It’s every landlord’s nightmare – the tenant from hell. While extreme cases can make the news – such as the tenant who regularly sang Don’t Cry For Me Argentina at 4am – it’s far more likely that a landlord will want to evict a tenant for non-payment of rent or damage to the property. But however unreasonable the tenant’s behaviour, the landlord cannot bypass set procedures for a quick result.
What is the process for evicting a tenant?
The eviction process happens in 3 stages.
- Stage 1 – the landlord serves a Section 21 or Section 8 notice. A Section 21 notice must give a minimum of 2 months notice to the tenant. A Section 8 notice must give notice of 14 days, 4 weeks or 2 months.
- Stage 2 – if the tenant doesn’t leave after the notice period, the landlord can apply to the court for a possession order.
- Stage 3 – if the tenant still doesn’t leave the property, the landlord can ask the court for a bailiff’s warrant to evict the tenant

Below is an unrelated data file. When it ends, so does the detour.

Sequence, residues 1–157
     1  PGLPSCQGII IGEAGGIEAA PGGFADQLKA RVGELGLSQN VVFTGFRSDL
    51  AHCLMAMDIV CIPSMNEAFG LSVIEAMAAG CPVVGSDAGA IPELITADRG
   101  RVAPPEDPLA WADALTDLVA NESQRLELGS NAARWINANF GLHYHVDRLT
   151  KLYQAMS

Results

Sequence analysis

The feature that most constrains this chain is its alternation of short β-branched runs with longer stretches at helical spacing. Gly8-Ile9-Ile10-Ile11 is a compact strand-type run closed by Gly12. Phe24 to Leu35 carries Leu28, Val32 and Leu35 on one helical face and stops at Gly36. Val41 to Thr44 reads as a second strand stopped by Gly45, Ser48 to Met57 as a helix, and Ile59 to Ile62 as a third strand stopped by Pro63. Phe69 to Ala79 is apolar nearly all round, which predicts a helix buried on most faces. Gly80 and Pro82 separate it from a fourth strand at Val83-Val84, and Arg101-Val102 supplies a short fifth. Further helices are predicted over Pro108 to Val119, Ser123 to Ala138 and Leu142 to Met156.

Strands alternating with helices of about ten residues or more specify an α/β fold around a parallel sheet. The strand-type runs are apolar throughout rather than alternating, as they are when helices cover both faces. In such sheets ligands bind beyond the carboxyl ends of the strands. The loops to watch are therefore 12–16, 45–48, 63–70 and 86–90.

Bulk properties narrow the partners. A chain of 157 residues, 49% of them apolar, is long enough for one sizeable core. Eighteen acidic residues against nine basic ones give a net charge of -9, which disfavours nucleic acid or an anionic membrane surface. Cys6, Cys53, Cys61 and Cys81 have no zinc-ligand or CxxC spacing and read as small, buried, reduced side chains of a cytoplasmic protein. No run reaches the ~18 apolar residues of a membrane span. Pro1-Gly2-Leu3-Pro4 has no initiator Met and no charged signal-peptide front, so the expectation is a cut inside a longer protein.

How long does the eviction process take?
Figures from the Ministry of Justice show that eviction timescales are increasing slightly. There are regional variations, but the average time from a private landlord making an initial application for a possession order to bailiffs repossessing the property is just over 16 weeks. This doesn’t include the minimum 2 months notice that is mandatory when a Section 21 notice is served or the 2 months arrears that need to be accrued before a Section 8 notice can be served.
If the landlord serves either a Section 21 or a Section 8 notice incorrectly the notice will be invalid and the court won’t grant a possession order. So it’s crucial for landlords to be certain they have followed the correct procedures and fulfilled all their obligations. Otherwise, they may have to restart the process from the beginning and prolong the eviction date even further.
With Lexelle’s Landlords Legal Expenses Insurance landlords can access assistance to pursue an eviction. Lexelle’s legal experts will advise on the best course of action to achieve the desired result.
More details of Lexelle’s Landlords Legal Expenses Insurance